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How can today's tech help with cost control?

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20th Jul 2017
Staff writer AccountingWEB
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This summer AccountingWEB has turned its attention to different aspects of cost control. Outsourcing has come under scrutiny as a cost-saver, as has the culture of a business. Now we turn the spotlight on technology, data insight and the cloud. It’s being embraced by businesses at a rapid rate, but is it a cost saver in its own right? Christian Annesley takes a look.

In business terms, the cloud as an efficient, cost-effective enabler of better business is no longer an upstart proposition. In 2017 it has arrived.

Today, cloud services and app development are transforming IT – and particularly the way that companies approach process challenges. What’s more, businesses can go further with the cloud than simply finding and integrating the tools that will save time and increase productivity. Tech development, analytics and an integrated cloud can increasingly be used as a point of real differentiation.

But if we focus here primarily on the question of cost control, and how now-established software-as-a-service platforms sold on a per-seat basis can cut the cost of per-head IT compared with years gone by, that in itself is worth exploring.

Out with the old, in with the new

Not that many years ago, deploying new software and new processes in your business was an IT headache. Established businesses with bespoke IT needs either had to invest in a costly in-house IT department to keep pace with the company’s rolling requirements, or were generally looking at an expensive outsourced consultancy process to get just what they needed on a project-by-project basis.

Today that model of investment in IT systems is being left behind. Nearly all platforms now sit online, either as a fully-formed cloud service or sometimes sat on the company’s owned or hosted servers. And that means (among other things) that new functionality can now often be slotted in without the upheaval and the costs that were once a given.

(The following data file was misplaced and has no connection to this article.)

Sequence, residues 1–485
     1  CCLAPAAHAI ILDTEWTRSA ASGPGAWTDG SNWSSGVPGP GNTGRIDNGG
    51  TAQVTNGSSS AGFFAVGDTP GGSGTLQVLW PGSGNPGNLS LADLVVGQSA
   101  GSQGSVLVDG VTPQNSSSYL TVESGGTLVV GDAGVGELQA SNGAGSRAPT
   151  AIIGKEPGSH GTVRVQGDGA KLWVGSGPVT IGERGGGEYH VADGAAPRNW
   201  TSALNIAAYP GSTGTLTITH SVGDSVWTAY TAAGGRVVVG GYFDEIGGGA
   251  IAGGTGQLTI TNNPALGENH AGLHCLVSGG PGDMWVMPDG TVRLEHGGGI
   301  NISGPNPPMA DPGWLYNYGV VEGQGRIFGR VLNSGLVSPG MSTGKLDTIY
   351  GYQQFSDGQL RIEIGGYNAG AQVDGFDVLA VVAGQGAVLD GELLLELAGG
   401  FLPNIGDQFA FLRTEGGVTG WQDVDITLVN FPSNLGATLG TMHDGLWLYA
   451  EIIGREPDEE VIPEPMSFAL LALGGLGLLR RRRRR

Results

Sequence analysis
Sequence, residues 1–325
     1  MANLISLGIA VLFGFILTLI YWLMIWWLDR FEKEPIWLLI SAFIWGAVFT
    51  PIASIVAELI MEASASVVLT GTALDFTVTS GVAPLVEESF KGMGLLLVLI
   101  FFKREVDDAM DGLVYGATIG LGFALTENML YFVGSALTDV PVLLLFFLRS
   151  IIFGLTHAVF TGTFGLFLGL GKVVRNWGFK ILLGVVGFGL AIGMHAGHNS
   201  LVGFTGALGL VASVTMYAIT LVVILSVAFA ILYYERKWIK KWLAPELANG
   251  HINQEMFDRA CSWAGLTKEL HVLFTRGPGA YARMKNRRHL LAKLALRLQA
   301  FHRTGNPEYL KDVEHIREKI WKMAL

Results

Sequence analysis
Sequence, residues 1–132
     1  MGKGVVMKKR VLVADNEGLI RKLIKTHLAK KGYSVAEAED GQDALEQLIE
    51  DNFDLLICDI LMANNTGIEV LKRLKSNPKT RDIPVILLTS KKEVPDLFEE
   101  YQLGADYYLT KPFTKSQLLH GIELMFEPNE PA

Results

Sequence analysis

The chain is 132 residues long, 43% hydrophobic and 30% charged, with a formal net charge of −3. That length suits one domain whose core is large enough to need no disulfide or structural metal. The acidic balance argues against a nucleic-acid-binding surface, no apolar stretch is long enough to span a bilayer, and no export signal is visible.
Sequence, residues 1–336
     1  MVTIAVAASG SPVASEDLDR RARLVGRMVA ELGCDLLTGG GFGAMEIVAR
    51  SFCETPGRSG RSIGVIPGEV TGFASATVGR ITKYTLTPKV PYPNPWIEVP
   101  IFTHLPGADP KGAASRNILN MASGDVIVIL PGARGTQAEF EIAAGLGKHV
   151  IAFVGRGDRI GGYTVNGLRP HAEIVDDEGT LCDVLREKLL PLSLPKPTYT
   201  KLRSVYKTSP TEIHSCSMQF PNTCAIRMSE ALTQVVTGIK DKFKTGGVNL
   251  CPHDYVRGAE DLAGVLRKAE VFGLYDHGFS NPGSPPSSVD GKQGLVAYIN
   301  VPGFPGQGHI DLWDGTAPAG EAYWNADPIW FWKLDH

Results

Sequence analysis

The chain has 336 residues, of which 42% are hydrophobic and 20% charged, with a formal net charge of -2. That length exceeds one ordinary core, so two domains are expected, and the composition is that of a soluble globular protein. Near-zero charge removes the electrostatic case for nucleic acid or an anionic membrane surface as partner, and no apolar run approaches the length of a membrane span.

In particular, apps in the cloud are driving a revolution in the capabilities of SMEs, levelling the playing field against the corporates and enabling start-ups and SMEs to move with a speed and sophistication that can change entire industries in a matter of months.

Digital can drive down costs

One business that can help us understand how digital is changing business, and its cost base, is the mobile innovation company Mubaloo, which develops enterprise apps and more.

Managing director Sarah Weller says: “The journey with enterprise apps tells a story. When apps first emerged – a decade ago, give or take – there was that moment when some corporates felt the understandable need to do something symbolic and create an app. It wasn’t necessarily driven by need but was more of a ‘nice-to-have’.

Some of the biggest savings can be been seen where apps have supplanted paper-based processes”

“But in the past few years, mobile and the mobile app has become a profound source of change in business, driving disruption in industries like travel and transport, and also enabling efficiency gains across the board.”

Weller says that sat behind the high-profile industry disruptor businesses, some of the most striking change, and the biggest savings, can be seen where apps have supplanted paper-based processes.

“Apps are smart and can drive improvement by being responsive and analysing the data. It means the impact apps can have compared with simple paper processes is extraordinary.”

One example of that kind of impact was Mubaloo’s app for Bristol-headquartered student accommodation specialist UNITE, which gave the company’s facilities team an app to manage jobs more efficiently.

“This was a classic productivity gain from apps. The aim was to provide maintenance staff with a tool to manage their allocated jobs, including the ability to provide real-time updates on progress, which could, in turn, be communicated to UNITE’s customers.”

The app was designed specifically to improve the efficiency of maintenance workers, reduce the number of complaints, improve the reporting of work done and help to better track and assign jobs. And it delivered, in part by using fault categories for each job completion, which allowed the engineer on site to record accurate information on the type of fault, leading to improvements in processes and work allocation.

But Weller adds it was the use of real-time information that drove the biggest productivity improvements.

“Real time has let the estates and maintenance team at UNITE plan the workforce more efficiently. This increased efficiency has grown the number of jobs completed by 30%. That’s a profound change.”

Understanding cloud services

This world of bespoke apps is, however, itself a niche when set next to the rise of the off-the-shelf SaaS services that are now crowding the marketplace.

What’s the best way for an organisation to settle on the most appropriate cloud services for its specific needs – and with the best return on investment?